Week 8: Open source hardware - from fibres to fabric

For this week's assignment, I worked with Liane and Gerantina to 'hack' a traditional weaving loom to make the up and down movement of the threads automatic using servo motors.


Picture 1. Traditional weaving loom

Picture 2. Our automated machine

We took inspiration from the lecture which presented the traditional weaving loom and decided to work with this. We identified that there are 2 movements that the user needs to make: the up and down movement of the row of threads, and the in and out/across movement of the single thread. We thought automating both would be rather complicated to do in one week, therefore we decided to automate only the up and down movement.

First prototype

We were able to use an existing loom, rather than build one ourselves from scratch. Inspecting the loom, we noticed that alternating threads were the only ones that moved up and down, the others stayed in the same position. Therefore, we needed a way to make these threads go up and down automatically.

Prior to this, we did a tutorial with Adriana using servo motors and stepper motors with buttons. After this, we realised we could use the servo motors to create the up and down movement because they rotate approx 180 degrees and then rotate back to the starting position.

We needed something that would attach to the blade of the servo motor that would hold the thread at the top. We wanted to produce a quick test with the resources readily available in the FabLab, therefore we acquired some cable ties to act as a 'needle' for the thread and to attach to the servo motors.


To begin, we removed the threads and the wooden part that moves up and down (to be automated) so that we just had the wooden frame. We first wanted to test with one yarn so we just placed one yarn along the machine.

We sewed the bottom of the cable tie to the servo motor and used the hole at the top of the cable tie to thread the yarn through. We needed to stabilise the 'needle', so we added a piece of wood along the centre of the machine and a pathway for it to go through - for this we used a piece of a straw.

We connected the servo motor to the Arduino and added 2 buttons (one button to turn the blades, and the other button to turn the blades back) as in the schematic below:


We used the Arduino sketch given by Adriana to actuate a servo motor.


This resulted in a rather effective movement of the thread, which you can see here:



Second prototype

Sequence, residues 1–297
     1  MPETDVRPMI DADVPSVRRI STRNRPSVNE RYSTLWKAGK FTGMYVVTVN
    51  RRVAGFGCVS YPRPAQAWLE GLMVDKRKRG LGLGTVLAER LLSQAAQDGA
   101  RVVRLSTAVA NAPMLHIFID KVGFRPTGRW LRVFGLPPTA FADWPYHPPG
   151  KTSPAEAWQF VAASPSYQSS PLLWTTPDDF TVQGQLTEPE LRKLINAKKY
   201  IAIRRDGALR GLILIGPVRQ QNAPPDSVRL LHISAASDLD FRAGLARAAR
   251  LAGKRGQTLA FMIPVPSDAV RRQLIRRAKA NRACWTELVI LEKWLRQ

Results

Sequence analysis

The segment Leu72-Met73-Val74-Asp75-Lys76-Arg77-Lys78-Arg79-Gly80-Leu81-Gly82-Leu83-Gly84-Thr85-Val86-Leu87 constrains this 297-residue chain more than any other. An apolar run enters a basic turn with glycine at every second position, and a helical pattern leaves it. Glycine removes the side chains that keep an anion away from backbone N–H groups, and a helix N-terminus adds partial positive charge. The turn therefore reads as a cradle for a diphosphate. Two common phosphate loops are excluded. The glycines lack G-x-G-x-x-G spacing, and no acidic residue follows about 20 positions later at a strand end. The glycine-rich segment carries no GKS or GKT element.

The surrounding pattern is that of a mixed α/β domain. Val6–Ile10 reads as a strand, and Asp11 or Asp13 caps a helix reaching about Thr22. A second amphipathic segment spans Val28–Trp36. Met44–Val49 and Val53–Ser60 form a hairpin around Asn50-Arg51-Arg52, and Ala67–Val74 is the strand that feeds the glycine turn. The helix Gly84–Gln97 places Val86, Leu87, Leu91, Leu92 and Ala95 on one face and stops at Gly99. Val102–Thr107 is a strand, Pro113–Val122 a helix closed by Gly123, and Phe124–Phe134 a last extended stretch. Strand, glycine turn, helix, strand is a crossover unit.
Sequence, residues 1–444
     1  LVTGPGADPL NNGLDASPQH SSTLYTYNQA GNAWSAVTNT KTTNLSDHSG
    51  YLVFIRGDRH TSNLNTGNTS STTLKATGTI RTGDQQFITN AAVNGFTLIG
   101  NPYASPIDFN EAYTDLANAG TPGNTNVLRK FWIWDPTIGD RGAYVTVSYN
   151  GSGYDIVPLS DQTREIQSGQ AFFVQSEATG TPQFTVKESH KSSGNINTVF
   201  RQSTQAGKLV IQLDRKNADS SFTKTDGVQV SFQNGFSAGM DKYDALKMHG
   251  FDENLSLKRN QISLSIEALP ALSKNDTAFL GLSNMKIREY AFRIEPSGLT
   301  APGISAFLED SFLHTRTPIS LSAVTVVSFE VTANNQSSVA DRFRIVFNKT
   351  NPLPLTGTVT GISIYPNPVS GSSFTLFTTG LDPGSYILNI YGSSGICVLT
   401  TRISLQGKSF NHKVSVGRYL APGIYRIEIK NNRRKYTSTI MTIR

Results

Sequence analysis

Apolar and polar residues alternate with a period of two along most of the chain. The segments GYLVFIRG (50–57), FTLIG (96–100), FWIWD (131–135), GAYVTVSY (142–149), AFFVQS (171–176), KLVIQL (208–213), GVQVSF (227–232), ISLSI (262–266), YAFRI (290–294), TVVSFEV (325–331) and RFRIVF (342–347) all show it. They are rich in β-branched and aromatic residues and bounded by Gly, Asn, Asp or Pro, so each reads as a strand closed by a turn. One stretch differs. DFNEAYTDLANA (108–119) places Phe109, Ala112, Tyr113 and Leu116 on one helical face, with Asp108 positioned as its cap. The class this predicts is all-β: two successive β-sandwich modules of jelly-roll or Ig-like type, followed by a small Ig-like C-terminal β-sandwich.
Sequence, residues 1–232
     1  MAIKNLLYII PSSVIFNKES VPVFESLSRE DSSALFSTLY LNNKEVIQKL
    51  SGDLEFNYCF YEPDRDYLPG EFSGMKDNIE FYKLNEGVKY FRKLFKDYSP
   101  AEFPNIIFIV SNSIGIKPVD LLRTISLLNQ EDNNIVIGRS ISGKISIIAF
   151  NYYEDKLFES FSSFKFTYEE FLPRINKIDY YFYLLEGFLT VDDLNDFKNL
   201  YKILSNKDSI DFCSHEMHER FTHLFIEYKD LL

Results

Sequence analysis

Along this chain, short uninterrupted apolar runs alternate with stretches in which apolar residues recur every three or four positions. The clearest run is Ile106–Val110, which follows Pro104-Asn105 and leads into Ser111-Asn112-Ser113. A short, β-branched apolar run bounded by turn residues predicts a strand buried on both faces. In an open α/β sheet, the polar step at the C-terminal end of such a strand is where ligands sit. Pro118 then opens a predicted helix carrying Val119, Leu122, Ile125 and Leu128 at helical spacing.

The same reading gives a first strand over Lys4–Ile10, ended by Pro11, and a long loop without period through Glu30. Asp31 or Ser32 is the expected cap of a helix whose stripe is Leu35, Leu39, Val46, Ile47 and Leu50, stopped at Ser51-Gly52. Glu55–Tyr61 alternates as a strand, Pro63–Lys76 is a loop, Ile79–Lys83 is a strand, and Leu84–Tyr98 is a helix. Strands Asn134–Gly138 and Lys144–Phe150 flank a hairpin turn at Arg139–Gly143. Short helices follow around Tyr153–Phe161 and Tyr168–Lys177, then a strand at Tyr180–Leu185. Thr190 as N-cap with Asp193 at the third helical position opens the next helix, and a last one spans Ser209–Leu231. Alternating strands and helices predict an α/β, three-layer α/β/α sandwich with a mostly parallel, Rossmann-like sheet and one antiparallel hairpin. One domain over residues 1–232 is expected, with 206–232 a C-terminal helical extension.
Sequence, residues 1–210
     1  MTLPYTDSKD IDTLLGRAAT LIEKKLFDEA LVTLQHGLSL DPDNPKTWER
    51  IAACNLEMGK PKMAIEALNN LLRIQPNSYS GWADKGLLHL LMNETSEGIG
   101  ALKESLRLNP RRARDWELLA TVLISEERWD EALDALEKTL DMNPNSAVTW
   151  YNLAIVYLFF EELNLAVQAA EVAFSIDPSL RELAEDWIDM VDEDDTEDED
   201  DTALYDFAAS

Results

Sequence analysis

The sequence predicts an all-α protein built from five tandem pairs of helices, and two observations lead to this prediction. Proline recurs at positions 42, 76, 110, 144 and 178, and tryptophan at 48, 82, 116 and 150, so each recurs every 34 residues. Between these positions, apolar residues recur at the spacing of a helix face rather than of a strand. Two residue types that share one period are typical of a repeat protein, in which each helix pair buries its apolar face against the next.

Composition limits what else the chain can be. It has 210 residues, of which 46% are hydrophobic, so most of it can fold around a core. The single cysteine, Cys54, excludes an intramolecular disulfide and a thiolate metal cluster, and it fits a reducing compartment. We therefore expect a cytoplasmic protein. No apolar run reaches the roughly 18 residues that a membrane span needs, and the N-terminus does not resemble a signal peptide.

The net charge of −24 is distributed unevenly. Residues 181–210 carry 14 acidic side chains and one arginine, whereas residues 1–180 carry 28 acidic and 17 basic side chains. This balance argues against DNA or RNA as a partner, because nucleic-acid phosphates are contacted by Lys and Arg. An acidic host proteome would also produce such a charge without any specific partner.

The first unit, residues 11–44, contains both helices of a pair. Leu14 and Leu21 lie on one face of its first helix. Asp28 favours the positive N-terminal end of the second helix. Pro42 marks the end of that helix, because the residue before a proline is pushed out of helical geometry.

Based on the idea above, we lined up as many servo motors as we could across the loom. Because of the blades that need to turn without clashing with each other, we were restricted to using only 8 servo motors and therefore 8 moveable yarns in this prototype.

Knowing how many motors/yarns we would use, we planned a better way than the straw to produce a pathway for the needles to go up and down. We used 2 other wood pieces and drilled holes in them and put the needles through the holes.

We then sewed the needles to the motor blades and screwed the motors to the wooden piece going across the loom.


We threaded the needles with yarn and in between each moveable yarn, we placed a stationary piece of yarn. The idea was that the yarn that goes side to side would be put through the gap that is generated when the moveable yarns move upwards.


We connected the 8 servo motors to the Arduino in the same way as before (ground to ground, VCC to 5 volts) and connected each motor to a digital pin (pins used were: 5,6,7,8,9,10,11,12).

In the Arduino sketch, we added the pin numbers for all the servo motors. Our final code looked like this:

#include <Servo.h>

const int buttonPin = 36;
const int buttonPin2 = 46;
int buttonState = 0;
int num_servos = 8;

int buttonState2 = 0;

Servo allServos [8];
int pin_numbers []= {5,6,7,8,9,10,11,12};
int position = 0;
void setup() {

for (int i = 0; i < num_servos; i ) {

pinMode(buttonPin, INPUT);


void loop() {

buttonState = digitalRead(buttonPin);
buttonState2 = digitalRead(buttonPin2);

if(buttonState ==HIGH && position < 150){
for (int i = 0; i < num_servos; i ) {
allServos[i].write(position );

if(buttonState2 == HIGH && position > 3){
for (int i = 0; i < num_servos; i ) {

And here is a video of the needles working:



As well as taking part in planning discussions, my specific contribution to the project was cutting the wooden pieces to go across the loom, drilling the holes for the needles and helping to sew some needles to the motors.